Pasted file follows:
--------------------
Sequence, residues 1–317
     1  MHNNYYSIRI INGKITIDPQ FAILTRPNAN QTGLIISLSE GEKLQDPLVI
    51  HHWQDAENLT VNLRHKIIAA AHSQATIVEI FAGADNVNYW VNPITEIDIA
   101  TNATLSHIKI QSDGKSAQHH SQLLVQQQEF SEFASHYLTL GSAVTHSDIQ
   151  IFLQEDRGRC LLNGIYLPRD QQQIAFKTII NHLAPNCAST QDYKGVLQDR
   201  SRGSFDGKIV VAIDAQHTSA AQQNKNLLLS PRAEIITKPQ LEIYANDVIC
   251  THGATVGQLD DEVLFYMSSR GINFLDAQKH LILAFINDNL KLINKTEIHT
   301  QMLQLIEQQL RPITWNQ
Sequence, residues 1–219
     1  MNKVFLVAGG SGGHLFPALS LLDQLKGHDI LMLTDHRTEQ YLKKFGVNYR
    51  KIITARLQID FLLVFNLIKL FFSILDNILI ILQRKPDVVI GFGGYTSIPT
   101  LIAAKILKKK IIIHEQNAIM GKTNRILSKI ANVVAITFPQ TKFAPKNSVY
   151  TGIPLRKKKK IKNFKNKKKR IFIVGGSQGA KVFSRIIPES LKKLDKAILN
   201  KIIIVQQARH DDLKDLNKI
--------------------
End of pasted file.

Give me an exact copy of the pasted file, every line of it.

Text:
Sequence, residues 1–317
     1  MHNNYYSIRI INGKITIDPQ FAILTRPNAN QTGLIISLSE GEKLQDPLVI
    51  HHWQDAENLT VNLRHKIIAA AHSQATIVEI FAGADNVNYW VNPITEIDIA
   101  TNATLSHIKI QSDGKSAQHH SQLLVQQQEF SEFASHYLTL GSAVTHSDIQ
   151  IFLQEDRGRC LLNGIYLPRD QQQIAFKTII NHLAPNCAST QDYKGVLQDR
   201  SRGSFDGKIV VAIDAQHTSA AQQNKNLLLS PRAEIITKPQ LEIYANDVIC
   251  THGATVGQLD DEVLFYMSSR GINFLDAQKH LILAFINDNL KLINKTEIHT
   301  QMLQLIEQQL RPITWNQ
Sequence, residues 1–219
     1  MNKVFLVAGG SGGHLFPALS LLDQLKGHDI LMLTDHRTEQ YLKKFGVNYR
    51  KIITARLQID FLLVFNLIKL FFSILDNILI ILQRKPDVVI GFGGYTSIPT
   101  LIAAKILKKK IIIHEQNAIM GKTNRILSKI ANVVAITFPQ TKFAPKNSVY
   151  TGIPLRKKKK IKNFKNKKKR IFIVGGSQGA KVFSRIIPES LKKLDKAILN
   201  KIIIVQQARH DDLKDLNKI